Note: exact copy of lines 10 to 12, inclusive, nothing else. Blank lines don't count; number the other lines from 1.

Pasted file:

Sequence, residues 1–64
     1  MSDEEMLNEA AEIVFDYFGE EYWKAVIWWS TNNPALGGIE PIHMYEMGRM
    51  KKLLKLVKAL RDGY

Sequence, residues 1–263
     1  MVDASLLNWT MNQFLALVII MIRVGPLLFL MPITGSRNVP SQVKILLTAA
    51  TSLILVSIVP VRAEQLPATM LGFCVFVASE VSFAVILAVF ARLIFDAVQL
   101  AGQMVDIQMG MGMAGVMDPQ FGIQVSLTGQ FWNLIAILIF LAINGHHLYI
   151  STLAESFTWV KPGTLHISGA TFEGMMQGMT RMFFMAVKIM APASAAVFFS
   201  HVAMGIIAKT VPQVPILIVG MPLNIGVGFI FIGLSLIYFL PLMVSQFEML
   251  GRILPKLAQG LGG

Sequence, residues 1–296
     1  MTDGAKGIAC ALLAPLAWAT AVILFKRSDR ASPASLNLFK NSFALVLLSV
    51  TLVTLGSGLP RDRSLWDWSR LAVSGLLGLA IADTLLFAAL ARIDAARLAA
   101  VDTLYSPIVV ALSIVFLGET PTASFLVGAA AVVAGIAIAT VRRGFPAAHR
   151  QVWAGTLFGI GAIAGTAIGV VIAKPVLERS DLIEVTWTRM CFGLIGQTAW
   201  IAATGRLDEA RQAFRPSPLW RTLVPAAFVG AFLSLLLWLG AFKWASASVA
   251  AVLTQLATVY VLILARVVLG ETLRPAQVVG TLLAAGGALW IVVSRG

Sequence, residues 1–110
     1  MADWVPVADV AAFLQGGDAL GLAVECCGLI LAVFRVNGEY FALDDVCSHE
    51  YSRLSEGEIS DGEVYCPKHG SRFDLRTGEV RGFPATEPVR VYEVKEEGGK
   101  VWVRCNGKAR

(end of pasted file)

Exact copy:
   251  GRILPKLAQG LGG

Sequence, residues 1–296
     1  MTDGAKGIAC ALLAPLAWAT AVILFKRSDR ASPASLNLFK NSFALVLLSV